Samples tested included lard, tallow, olive oil, canola oil, and waste cooking oil (canola).
The researchers used UVC light to change lard, tallow, olive oil, canola oil and waste canola cooking oil into olefins.
Irradiation of animal and vegetable fats with UV light produced long chain alkenes, dienes, trienes, and glycerol as the byproduct, said the study in ACS Sustainable Chemistry & Engineering.
Many of the plastics found begin with a group of chemical raw materials termed olefins that come from petroleum.
They include ethylene, propylene and butadiene, which are building blocks for plastics like polyethylene, polyester, polyvinyl chloride and polystyrene.
Douglas Neckers and Maria Muro-Small said results show that, independent of the source of fat, irradiation using UVC light produces 1-tetradecene, 1-hexadecene, 1,7-hexadecadiene, and 1,7,10-hexadecatriene.
Acrylic acid shortage
The shortage of acrylic acid drove the need for the research, Neckers told FoodProductionDaily.com.
“As long as we have an excess supply of materials one can afford to pay but the minute there is a shortage that is what drives these experiments.
“We live in an agricultural place in Toledo, Ohio which has a large shipping port for items such as wheat, soy bean and all sorts of things."
Neckers who also owns Biosolar LLC, added that the challenge was getting yields to a practical level.
“We are photochemists, so that is what we bring to the table. There are lots of other ways to make biomass but we bring our knowledge to the party.
“There has been a lot of people interested but we need to move to the next level of practicality in terms of supply and demand.”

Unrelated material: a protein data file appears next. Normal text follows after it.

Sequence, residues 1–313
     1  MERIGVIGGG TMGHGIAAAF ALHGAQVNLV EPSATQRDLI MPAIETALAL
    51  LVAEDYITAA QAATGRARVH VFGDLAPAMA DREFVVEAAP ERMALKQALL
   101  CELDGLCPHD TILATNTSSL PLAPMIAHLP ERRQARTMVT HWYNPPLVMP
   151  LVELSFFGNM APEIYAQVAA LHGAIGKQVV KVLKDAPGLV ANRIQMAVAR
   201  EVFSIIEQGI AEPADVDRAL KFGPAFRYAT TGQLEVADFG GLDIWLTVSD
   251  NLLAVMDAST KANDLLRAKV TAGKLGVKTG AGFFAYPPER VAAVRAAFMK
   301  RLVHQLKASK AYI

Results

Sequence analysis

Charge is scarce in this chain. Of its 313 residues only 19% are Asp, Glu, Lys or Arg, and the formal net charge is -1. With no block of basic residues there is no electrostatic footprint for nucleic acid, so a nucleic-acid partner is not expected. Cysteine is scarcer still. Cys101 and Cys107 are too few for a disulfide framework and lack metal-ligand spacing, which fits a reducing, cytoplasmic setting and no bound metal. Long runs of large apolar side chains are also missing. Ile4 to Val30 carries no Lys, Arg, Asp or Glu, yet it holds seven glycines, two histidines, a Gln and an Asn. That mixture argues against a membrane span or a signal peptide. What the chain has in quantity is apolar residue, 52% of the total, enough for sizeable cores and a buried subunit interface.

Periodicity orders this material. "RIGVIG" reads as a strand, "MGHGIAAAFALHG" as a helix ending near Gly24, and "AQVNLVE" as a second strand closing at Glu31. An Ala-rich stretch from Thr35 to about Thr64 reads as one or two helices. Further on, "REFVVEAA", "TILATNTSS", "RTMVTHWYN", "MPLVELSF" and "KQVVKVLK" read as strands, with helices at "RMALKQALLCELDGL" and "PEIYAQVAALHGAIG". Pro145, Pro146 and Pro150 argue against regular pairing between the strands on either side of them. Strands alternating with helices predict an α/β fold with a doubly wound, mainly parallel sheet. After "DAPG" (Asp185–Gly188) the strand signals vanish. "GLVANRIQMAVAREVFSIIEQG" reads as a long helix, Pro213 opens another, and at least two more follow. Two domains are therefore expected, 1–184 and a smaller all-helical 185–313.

The photochemical reactions, carried out in solvents that were not degassed, were followed by gas chromatography- mass spectrometry (GC-MS) to determine times of reactions and yield.
Irradiation ethyl palmitate for 1.5 hours in both hexane and ethanol produces 1-tetradecene in 34% yield. A 36% yield was observed when glyceryl tripalmitate was irradiated for 1.5 hours, suggesting that only one of the positions undergoes cleavage.
Glyceryl 1,3-dipalmitate and glyceryl monopalmitate exhibit slightly lower yields, 34% and 32% respectively, relative to their triglyceride counterpart in a higher reaction time of two hours.
These yields, although not sufficient for commercial use, are 3-fold higher than the yields observed for lard and tallow.
Glyceryl trioleate was used as a control for the unsaturated fatty acids; however, irradiation for two hours yielded in only 1%.
The data supports the hypothesis that saturated fatty acids are more reactive toward the photochemical cleavage than the unsaturated ones and reactivity depends on the position of the fatty acids on the triglyceride unit.